Stroke Declines From Third to Fourth Leading Cause of Death in the United States
Historical Perspective and Challenges Ahead
Background and Purpose—Stroke recently declined from the third to the fourth leading cause of death in the United States, its first rank transition among sources of American mortality in nearly 75 years.
Methods—This is a narrative review supplemented by new analyses of Centers for Disease Control and Prevention National Vital Statistics Reports from 1931 to 2008.
Results—Historically, stroke transitioned from the second to the third leading cause of death in the United States in 1937, but stroke death rates were essentially stable from 1930 to 1960. Then a long, great decline began, moderate in the 1960s, precipitous in the 1970s and 1980s, and moderate again in the 1990s and 2000s. By 2008, age-adjusted annual death rates from stroke were three fourths less than the historic 1931 to 1960 norm (40.6 versus 175.0 per 100 000). Total actual stroke deaths in the United States declined from a high of 214 000 in 1973 to 134 000 in 2008. Improved stroke prevention, through control of hypertension, hyperlipidemia, and tobacco, contributed most greatly to the mortality decline with a lesser but still substantial contribution of improved acute stroke care. Persisting challenges include race–ethnicity, sex, and geographic disparities in stroke mortality; the burden of stroke disability; the expanding obesity epidemic and aging of the US population; and the epidemic of cerebrovascular disease in low- and middle-income countries worldwide.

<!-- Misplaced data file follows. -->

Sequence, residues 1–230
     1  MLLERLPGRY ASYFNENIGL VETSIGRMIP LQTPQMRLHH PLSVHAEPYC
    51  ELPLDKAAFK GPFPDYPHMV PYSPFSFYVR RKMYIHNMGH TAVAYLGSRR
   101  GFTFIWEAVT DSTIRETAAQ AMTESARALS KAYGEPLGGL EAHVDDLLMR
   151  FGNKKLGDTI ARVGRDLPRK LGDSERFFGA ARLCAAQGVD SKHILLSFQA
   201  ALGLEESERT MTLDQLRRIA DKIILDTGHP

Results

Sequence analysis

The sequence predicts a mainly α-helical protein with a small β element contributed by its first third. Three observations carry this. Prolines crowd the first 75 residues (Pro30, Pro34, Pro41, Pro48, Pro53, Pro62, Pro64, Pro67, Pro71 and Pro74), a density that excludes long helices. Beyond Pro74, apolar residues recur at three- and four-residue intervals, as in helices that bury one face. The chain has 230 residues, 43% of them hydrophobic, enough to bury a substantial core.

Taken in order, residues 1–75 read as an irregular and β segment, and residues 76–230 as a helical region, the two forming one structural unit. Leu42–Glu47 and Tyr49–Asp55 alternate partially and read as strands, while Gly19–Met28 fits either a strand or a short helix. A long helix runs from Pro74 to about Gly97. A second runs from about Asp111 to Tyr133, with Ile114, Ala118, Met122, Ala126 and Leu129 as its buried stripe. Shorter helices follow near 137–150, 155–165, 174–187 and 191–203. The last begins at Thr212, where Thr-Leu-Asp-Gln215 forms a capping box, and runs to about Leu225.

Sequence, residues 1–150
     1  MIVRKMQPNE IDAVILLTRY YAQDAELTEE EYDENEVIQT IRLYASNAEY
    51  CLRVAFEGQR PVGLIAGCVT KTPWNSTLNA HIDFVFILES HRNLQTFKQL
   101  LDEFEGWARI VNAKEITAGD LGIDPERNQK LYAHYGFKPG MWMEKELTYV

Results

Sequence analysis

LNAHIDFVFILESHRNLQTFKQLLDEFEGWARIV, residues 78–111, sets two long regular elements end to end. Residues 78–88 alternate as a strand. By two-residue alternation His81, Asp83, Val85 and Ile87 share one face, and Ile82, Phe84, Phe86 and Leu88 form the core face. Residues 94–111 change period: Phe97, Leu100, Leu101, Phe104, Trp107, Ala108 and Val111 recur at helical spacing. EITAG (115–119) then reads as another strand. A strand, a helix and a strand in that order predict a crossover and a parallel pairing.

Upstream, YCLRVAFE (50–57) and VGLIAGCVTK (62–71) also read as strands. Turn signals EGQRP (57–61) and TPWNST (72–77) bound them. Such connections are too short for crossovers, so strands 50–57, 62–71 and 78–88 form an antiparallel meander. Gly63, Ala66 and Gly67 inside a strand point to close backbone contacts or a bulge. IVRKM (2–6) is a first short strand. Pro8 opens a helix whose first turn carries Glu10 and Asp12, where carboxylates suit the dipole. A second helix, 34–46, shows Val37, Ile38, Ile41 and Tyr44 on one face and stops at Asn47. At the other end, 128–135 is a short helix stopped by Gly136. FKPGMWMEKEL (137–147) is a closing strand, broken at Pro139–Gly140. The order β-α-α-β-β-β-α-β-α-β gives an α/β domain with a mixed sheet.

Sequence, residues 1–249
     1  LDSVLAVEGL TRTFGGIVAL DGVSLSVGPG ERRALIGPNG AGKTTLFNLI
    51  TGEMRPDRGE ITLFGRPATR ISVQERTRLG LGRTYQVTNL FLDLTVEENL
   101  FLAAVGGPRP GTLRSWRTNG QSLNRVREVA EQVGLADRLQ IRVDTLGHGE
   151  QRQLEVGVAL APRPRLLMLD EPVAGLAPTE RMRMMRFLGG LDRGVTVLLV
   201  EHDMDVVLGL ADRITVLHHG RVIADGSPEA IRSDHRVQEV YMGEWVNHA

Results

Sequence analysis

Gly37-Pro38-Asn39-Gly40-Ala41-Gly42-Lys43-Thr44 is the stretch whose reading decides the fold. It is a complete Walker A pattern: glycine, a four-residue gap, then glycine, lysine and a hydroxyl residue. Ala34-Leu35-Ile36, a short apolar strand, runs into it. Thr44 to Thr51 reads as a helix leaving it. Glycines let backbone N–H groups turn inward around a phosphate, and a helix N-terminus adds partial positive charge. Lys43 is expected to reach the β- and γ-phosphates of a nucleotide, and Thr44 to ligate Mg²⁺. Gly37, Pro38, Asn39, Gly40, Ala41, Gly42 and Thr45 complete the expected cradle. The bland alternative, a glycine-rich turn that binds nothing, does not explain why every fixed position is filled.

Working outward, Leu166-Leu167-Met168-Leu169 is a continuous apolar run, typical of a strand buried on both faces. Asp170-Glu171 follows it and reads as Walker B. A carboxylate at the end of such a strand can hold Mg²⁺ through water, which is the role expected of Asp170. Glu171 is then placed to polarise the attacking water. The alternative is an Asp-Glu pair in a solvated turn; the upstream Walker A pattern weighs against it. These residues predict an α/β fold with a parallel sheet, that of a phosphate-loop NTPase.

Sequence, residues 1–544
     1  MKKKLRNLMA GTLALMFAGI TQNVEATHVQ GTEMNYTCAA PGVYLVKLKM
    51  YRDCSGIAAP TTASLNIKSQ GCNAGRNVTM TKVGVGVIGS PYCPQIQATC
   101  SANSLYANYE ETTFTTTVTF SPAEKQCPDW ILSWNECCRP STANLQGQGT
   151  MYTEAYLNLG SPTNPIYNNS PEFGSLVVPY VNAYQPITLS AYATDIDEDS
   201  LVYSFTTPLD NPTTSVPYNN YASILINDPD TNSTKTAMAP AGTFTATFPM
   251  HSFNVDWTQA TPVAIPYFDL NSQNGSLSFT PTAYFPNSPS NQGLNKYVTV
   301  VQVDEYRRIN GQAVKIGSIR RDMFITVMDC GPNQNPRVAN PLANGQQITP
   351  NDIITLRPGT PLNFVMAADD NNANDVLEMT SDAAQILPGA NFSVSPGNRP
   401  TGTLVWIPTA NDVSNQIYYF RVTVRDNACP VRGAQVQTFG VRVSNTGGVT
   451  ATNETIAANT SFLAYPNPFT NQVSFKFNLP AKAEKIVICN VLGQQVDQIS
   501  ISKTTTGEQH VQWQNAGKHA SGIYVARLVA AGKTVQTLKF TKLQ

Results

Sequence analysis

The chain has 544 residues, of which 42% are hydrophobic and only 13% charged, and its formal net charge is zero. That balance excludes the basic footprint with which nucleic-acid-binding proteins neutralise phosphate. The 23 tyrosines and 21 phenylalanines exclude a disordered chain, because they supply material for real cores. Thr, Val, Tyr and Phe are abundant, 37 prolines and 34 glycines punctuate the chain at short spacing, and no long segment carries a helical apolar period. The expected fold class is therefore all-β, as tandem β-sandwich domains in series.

Conclusions—The recent rank decline of stroke among leading causes of American death is testament to a half century of societal progress in cerebrovascular disease prevention and acute care. Renewed commitments are needed to preserve and broaden this historic achievement.
- Received March 29, 2011.
- Revision received April 30, 2011.
- Accepted May 3, 2011.
- © 2011 American Heart Association, Inc.